Oneupweb : Facebook’s Improved Privacy Education

In life we all learn lessons. Some lessons come easy, while others take a 2×4 across the face to get through (Richard, is there a mark on my face?). This past month it took a proverbial 2×4 across the face of Facebook and Mark Zuckerberg to learn a very valuable lesson—you don’t mess with people’s privacy!

People began to get suspicious about how Facebook was sharing their information with the release of Social Plugins. To most, it seemed that their information was being shared without consent. And it certainly didn’t help that Facebook didn’t keep with its traditional fashion of sending its users a warning of change. Any experienced leader knows that you have to give people time to adjust to change. Mark Zuckerberg is learning this notion the hard way, but the important thing is that he’s learning.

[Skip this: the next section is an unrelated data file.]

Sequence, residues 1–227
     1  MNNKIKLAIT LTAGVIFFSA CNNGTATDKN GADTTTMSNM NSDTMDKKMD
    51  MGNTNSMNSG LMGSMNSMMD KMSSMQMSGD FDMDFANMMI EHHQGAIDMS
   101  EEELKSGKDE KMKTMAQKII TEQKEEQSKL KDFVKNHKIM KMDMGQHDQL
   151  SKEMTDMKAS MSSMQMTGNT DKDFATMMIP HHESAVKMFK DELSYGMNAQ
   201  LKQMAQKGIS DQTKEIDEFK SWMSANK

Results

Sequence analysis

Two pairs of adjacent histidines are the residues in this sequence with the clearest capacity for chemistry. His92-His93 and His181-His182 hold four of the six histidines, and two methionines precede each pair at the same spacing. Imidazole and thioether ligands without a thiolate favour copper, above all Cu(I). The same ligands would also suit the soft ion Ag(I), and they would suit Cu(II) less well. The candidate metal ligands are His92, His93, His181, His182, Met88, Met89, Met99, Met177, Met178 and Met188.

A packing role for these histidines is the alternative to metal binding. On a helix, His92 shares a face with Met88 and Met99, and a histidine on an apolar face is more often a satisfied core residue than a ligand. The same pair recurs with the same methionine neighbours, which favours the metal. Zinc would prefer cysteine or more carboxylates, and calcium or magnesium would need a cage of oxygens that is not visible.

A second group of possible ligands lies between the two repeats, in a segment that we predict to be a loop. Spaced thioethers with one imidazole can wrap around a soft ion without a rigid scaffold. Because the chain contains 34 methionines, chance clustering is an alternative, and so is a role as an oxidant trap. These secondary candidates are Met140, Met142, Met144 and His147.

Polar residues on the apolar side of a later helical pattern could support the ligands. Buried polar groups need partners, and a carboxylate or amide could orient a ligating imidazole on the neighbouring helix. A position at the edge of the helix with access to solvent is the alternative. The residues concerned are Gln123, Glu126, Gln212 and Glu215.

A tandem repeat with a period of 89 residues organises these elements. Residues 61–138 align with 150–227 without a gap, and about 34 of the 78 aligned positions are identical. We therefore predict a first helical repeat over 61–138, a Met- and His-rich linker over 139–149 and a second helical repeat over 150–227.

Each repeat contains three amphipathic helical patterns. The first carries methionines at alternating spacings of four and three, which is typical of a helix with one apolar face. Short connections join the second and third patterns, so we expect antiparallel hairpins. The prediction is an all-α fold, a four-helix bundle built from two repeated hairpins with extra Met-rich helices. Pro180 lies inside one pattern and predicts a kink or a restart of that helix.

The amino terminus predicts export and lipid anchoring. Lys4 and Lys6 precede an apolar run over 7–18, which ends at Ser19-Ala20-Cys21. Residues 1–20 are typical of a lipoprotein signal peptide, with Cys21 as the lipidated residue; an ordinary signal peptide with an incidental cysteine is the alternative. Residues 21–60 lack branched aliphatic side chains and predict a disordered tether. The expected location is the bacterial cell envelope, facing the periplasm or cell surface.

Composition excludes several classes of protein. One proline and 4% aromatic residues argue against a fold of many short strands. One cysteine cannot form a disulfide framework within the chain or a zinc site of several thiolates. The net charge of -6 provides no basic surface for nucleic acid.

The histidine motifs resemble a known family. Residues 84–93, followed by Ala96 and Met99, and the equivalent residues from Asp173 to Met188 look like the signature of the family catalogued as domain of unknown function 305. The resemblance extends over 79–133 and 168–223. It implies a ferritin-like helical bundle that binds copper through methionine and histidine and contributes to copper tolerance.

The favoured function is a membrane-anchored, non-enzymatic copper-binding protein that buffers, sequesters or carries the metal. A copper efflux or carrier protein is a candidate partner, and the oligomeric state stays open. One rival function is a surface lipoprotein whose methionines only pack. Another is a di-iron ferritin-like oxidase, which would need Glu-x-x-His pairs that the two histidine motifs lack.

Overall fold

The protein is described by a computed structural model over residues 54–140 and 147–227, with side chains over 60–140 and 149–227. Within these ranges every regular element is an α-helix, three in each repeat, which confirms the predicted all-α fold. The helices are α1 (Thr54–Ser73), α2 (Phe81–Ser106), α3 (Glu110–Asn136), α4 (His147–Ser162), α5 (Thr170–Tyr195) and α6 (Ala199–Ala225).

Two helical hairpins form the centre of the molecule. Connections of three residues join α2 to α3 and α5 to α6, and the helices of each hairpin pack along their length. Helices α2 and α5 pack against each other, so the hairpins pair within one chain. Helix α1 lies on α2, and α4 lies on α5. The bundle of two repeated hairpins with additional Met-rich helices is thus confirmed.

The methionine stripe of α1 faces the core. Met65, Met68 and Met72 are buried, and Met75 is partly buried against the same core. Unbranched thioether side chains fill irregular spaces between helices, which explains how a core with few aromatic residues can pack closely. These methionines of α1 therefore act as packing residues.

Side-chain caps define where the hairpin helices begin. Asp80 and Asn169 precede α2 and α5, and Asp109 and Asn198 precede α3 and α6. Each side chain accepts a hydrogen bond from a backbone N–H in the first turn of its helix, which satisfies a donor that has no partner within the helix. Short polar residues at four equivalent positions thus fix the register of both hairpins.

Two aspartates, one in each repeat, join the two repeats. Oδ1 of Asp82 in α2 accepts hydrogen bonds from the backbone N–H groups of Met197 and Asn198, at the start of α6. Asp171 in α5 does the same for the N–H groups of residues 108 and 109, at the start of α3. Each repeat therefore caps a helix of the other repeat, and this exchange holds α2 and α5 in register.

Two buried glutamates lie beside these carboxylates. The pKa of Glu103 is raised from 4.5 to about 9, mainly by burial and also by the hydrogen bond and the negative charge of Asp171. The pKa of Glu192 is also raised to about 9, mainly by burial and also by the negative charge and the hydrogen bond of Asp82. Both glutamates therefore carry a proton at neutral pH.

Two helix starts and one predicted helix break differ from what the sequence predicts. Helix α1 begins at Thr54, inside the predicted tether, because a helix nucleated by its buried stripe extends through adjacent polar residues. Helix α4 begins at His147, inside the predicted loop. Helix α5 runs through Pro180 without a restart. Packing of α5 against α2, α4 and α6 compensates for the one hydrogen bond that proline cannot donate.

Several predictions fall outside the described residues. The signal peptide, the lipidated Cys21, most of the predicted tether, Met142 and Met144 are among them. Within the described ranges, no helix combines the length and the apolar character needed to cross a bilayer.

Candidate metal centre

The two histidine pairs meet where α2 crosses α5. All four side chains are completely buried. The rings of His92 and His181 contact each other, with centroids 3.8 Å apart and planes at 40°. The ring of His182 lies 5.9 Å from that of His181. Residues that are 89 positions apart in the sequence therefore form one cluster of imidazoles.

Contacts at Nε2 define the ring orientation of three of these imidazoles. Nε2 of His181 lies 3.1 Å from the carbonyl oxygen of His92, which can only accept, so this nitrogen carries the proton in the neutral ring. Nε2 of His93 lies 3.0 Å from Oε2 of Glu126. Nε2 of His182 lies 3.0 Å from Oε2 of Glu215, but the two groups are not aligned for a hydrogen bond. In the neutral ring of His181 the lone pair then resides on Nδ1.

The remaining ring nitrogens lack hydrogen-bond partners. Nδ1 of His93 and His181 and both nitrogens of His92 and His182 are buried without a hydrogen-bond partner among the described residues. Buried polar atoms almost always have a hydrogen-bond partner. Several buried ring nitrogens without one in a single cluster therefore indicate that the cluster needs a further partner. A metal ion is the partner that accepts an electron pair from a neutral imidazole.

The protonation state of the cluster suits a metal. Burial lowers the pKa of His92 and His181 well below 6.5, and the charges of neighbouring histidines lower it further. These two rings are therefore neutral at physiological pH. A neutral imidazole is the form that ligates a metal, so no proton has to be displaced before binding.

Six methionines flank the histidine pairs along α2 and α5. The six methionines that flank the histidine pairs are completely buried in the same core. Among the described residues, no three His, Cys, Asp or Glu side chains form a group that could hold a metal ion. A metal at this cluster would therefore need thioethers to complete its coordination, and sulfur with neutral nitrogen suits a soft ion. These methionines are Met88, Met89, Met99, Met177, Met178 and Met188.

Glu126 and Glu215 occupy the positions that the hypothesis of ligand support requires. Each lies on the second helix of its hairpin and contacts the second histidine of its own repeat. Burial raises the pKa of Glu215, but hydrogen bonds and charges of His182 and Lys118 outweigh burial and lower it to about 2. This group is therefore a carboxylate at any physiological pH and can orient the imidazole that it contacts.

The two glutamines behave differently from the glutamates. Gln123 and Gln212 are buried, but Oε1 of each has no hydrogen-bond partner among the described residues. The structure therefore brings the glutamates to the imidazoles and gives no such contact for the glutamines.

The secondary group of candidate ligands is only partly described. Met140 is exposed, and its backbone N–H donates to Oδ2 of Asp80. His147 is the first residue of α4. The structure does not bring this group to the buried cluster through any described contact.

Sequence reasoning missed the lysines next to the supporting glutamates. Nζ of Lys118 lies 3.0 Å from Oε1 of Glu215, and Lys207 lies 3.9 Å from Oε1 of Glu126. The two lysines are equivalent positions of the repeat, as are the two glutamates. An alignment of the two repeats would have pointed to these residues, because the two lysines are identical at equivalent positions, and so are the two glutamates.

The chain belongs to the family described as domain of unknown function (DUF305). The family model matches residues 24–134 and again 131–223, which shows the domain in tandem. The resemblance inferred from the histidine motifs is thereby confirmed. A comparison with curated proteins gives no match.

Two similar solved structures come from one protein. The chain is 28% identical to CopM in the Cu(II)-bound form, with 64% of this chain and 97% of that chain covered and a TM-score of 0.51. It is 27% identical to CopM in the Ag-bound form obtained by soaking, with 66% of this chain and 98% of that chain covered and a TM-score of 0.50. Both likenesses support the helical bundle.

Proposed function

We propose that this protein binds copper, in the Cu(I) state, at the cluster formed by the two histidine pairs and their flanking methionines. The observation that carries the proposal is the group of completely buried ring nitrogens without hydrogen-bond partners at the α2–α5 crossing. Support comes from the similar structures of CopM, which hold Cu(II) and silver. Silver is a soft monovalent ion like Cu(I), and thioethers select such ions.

Several changes have been made within Facebook (for the better) because of the major uproar from users. Facebook finally released a quick overview of the privacy settings, which is something that should have been done long ago.

More people are utilizing Facebook—elderly folks as well as not-so-savvy computer users are joining the social network. Facebook can be complicated for some individuals and you can’t expect them to understand its inner workings. On Oneupweb’s review blog I simplified Facebook’s privacy settings in my post: Oneupweb Reviews: Improved Facebook Privacy Controls.

Check out this video that Mark Zuckerberg released as a direct result of the feedback he received from Facebook users:

And Facebook has started to release video tutorials called the “Learn More” series. Nice! Below is the first video in Facebook’s “Learn More” series about privacy on Facebook:

Everyone makes mistakes. And we Facebook users have given Mark Zuckerberg a wide birth, because he’s young and we love Facebook. It’s a relief that although Mark is very intelligent,  he doesn’t think he knows everything at age 26. He admits that he’s made a lot of mistakes and that he is open to feedback. After all, Facebook is a work in progress—not too different than you and me.